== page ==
“They are hiding, out upon the plains,” Temeraire said. “We agreed that first I should try, as I am big enough to carry you all; and then if anything should go wrong, they would still be loose.” He switched his tail with something halfway between irritation and unease. “It made very good sense at the time, but I did not quite realize, that anything would go wrong, and then I would not be able to help them plan,” he added plaintively, “and now I do not know what they mean to do; although I am sure they will think of something”—but he sounded a little dubious.

  As well he might; while they had been speaking, dragons had been coming in a steady stream, carrying in large woven baskets or upon their backs men and women and even children, and settling all down within the stands: a vast company, larger than Laurence had yet suspected. The people arranged themselves in a hierarchy of wealth, those sitting on the lowest levels dressed in the most elaborate finery, panoply of furs and jewellery in a splendid vulgar display. There was a great variety among the beasts, in size and shape, and no sign of recognizable breeds, save perhaps a tendency towards similar coloring, in those who sat near-by one another, or in their pattern of markings. There was one constant, or nearly, however: the hostile looks which were bent upon Laurence and Temeraire, from all sides. Temeraire flared his ruff, as best he could with the constricting straps, and muttered, “They needn’t all stare so; and I think they are great cowards for keeping me chained.”

  Soldiers were being brought in, now, by drago
ns more armored than ornamented, and many of them in bloodstained gear: no mark of slovenly habits but deliberate, worn proudly; many of the stains were fresh as though they had come straight from the recent battle which Mrs. Erasmus had mentioned. These took up places around the floor of the great stadium, in even ranks, while servants began to cover the large central stage with furs, lion-skins and leopard, and similarly draped a wooden throne; drums had been carried in, and Laurence was thankful when they set up a great thunder, and drew all eyes away: the king and the prince had arrived.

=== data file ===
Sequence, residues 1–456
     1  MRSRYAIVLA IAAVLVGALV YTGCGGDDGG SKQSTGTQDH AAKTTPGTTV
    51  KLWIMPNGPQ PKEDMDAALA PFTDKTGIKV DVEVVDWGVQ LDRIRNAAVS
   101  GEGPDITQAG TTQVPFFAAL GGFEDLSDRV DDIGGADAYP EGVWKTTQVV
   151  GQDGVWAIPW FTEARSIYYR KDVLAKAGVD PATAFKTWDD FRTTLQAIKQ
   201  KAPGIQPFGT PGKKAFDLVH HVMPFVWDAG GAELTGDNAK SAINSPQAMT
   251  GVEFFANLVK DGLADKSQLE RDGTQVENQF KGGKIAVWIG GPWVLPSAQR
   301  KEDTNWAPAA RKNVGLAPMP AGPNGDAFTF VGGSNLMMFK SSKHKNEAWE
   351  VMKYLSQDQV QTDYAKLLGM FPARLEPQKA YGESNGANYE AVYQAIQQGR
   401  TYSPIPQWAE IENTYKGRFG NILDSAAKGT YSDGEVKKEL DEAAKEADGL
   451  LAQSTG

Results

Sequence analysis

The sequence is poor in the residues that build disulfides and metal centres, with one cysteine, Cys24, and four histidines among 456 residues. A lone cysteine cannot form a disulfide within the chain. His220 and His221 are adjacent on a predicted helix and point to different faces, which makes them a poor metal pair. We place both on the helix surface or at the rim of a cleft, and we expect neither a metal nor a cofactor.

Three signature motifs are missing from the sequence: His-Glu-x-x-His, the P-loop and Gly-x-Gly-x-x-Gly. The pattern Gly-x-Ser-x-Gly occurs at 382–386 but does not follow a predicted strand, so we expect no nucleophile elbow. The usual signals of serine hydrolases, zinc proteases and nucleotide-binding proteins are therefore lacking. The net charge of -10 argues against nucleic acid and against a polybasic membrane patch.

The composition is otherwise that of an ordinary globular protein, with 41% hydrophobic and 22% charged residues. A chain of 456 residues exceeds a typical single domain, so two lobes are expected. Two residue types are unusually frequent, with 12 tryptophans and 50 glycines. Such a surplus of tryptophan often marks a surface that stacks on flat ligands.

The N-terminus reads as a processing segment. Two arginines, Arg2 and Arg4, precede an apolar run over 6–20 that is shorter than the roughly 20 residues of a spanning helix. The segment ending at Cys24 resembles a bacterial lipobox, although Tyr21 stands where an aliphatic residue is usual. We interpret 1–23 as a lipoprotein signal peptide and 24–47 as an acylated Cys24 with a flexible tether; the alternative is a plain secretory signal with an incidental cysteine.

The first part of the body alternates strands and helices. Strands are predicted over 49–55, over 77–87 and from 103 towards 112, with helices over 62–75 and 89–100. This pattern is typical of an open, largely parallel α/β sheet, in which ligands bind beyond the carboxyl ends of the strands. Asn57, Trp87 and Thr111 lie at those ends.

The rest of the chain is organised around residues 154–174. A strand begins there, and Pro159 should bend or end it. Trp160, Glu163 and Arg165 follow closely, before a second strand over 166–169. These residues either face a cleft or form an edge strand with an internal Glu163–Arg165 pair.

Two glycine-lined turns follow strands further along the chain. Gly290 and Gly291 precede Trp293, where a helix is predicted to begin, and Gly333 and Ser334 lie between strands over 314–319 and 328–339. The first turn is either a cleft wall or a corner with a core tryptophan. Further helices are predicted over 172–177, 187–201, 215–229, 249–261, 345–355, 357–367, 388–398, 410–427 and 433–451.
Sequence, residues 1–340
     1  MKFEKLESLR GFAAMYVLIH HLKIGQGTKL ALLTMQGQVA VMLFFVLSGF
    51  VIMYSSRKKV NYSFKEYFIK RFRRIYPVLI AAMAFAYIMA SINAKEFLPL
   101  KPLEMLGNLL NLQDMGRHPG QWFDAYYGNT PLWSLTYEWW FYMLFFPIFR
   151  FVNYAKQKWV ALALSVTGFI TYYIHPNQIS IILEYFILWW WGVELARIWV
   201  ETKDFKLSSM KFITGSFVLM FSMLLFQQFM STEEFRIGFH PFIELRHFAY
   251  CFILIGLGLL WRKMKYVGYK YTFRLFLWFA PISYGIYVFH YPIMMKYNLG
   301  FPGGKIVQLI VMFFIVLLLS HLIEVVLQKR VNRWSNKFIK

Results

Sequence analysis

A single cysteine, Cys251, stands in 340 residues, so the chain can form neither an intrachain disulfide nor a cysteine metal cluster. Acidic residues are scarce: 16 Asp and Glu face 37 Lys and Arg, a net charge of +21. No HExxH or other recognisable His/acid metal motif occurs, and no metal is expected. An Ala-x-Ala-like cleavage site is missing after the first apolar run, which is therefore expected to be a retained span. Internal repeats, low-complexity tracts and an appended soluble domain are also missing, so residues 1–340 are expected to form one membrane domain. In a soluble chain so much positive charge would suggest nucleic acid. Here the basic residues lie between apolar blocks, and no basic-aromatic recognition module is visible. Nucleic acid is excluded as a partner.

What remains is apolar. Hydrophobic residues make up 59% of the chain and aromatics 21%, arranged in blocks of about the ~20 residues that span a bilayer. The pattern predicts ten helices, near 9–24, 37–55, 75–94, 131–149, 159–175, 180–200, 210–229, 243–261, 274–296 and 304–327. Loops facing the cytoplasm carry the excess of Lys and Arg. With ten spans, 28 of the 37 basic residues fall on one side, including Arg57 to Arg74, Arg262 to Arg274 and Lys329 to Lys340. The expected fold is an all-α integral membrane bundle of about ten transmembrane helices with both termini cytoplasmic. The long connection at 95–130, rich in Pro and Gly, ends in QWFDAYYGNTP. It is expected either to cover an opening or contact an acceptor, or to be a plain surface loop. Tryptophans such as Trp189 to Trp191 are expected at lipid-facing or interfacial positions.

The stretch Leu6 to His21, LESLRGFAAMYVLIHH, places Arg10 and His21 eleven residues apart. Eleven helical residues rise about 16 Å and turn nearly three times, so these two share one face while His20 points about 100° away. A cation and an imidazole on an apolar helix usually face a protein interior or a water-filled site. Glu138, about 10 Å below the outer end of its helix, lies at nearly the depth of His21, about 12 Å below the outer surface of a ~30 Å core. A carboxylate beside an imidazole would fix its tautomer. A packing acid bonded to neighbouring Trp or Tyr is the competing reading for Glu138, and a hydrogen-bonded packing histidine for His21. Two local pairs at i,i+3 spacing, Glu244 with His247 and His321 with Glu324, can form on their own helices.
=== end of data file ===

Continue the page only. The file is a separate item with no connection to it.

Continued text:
The soldiers beat their short-hafted spears against the shields, and the dragons roaring their own salute set up a wave of rattling noise, on and on, while the royalty seated themselves upon the central dais. When they were settled, a small dragon, wearing an odd sort of necklace of fur tails around his neck, leapt up on his haunches, beside the dais, and clearing his throat hushed the crowd with startling speed; his next deep breath was audible in the sudden silence. And then he launched himself into something between story and song: chanted, and without rhyme, to the beat of only one soft drum which kept time for him.

  Temeraire tilted his head, to try and make it out; but when he looked at Laurence, and would have spoken, the dragon guarding them gave him a shocked glare even before a word had issued, which quelled him in embarrassment; until with sunset, the chant finished, and the raucous applause burst out again as torches were lit all around the dais. It had evidently been, from what Temeraire could gather, a kind of history of the deeds of the king and his ancestors, and more generally of the many assembled tribes, delivered entirely from memory, and covering some seven generations.